Jesus offers the chalice of His suffering in propitiation for the sins of the world. It is particularly through his anguish of desolation and privation – of feeling forsaken even by His Father – that He merited for souls the grace to overcome the sense of despair which would assail them at the moment of death.
At the memento we remember those who, bearing the indelible sign of baptism, have completed their earthly pilgrimage while holding fast to the faith. Having been freed from the perils of eternal damnation which they encountered while passing through this earth, now they rest in peace and in joy,
At the conclusion of the formula, “Through the same Christ our Lord” the priest not only joins his hands but also bows his head. This inclination of the head, Gihr says, must have a mystical signification: “When dying, Christ bowed his head on the cross and then descended into the depths of the kingdom of the dead, there to console the devout…and deliver them from their captivity.” This the priest would now call to mind by bowing his head.”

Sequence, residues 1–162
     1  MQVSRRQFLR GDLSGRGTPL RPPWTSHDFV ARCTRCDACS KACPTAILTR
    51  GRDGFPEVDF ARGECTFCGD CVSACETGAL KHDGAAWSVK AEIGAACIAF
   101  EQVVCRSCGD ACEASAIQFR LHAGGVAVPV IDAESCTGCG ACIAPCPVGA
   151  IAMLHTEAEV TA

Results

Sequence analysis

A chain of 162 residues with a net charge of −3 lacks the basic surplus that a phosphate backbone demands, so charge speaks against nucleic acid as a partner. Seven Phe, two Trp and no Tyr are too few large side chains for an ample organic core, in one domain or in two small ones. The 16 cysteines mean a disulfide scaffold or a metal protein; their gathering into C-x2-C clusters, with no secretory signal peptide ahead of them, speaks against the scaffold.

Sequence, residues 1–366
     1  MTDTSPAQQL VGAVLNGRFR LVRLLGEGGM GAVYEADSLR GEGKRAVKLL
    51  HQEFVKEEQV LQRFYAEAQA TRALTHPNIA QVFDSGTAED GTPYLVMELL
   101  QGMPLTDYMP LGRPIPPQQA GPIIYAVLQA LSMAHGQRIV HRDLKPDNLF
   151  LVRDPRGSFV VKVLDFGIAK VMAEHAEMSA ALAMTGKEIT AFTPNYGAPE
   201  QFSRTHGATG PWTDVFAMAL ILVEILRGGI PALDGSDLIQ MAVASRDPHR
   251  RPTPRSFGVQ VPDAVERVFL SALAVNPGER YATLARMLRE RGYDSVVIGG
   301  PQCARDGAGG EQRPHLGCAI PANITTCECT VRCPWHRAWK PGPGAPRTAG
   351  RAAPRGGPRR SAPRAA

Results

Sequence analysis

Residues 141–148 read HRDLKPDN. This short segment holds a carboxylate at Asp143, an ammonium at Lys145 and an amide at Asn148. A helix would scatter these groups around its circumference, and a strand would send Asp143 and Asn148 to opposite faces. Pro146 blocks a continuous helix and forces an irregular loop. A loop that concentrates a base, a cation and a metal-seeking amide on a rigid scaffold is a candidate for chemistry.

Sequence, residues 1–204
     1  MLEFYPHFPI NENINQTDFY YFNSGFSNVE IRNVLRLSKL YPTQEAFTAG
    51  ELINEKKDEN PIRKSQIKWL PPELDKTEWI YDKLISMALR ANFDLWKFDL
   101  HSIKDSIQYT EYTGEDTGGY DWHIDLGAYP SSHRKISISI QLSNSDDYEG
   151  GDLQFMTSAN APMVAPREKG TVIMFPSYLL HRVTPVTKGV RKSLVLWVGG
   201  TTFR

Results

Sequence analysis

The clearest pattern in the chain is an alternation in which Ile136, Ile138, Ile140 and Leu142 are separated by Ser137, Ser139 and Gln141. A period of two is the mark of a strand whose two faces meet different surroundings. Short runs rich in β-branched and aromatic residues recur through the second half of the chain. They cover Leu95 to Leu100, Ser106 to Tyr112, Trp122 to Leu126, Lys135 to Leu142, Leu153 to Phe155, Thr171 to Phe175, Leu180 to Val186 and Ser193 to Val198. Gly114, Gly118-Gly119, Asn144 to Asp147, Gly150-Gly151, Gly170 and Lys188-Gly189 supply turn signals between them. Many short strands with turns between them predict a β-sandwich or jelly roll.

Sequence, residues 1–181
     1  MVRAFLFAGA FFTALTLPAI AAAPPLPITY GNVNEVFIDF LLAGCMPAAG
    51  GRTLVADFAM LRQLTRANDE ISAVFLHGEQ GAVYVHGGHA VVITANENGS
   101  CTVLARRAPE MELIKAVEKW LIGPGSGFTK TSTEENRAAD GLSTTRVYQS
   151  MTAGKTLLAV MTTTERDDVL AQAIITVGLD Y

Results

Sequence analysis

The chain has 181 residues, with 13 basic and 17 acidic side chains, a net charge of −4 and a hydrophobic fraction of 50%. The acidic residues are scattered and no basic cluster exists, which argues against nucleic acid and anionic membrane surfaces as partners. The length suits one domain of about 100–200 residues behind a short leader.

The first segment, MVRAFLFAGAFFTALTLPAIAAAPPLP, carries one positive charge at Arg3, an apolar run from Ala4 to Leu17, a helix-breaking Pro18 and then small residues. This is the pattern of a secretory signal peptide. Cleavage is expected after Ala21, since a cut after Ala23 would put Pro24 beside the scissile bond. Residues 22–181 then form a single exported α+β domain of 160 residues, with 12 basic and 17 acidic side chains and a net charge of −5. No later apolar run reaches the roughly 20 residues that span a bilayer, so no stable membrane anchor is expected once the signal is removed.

The Church makes a supplication for the holy souls, asking that the living stream of grace flowing from the Sacrifice reach the fiery place of cleansing to refresh and solace those souls still making expiation for forgiven sin, and to free them to enjoy the beatific vision.
Prayer: “Lord Jesus Christ, who hanging on the Cross, didst pray to Thy Father for all mankind, even Thy executioners; grant, I beseech Thee, that Thou contend mercifully with the infidelities of souls, who now wholly repentant, didst abuse Thy grace. I supplicate Thee especially for those souls nearest entering heaven; for those most forgotten; for those I have known in life. Accompanied by Thy angels, may they finally arrive in the Heavenly Jerusalem to enjoy Thy Supreme Goodness. And may their prayers assist me in my weakness, so that with them, I might also possess Thee and love Thee for all eternity. Amen”